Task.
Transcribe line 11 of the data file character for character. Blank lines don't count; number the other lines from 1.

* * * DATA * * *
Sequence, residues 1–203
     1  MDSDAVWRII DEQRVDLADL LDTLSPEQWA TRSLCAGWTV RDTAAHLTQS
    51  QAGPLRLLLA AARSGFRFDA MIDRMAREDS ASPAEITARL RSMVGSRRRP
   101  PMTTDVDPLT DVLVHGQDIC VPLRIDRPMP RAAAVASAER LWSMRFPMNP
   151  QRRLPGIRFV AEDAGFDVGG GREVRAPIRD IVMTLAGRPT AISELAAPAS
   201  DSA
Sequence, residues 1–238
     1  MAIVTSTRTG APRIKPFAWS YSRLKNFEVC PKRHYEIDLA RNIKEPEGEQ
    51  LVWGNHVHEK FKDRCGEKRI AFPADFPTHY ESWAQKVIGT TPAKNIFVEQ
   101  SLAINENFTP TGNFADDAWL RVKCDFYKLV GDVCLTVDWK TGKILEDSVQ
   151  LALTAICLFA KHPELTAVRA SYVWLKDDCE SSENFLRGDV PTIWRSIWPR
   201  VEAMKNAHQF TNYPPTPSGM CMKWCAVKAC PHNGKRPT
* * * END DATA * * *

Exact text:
   151  LALTAICLFA KHPELTAVRA SYVWLKDDCE SSENFLRGDV PTIWRSIWPR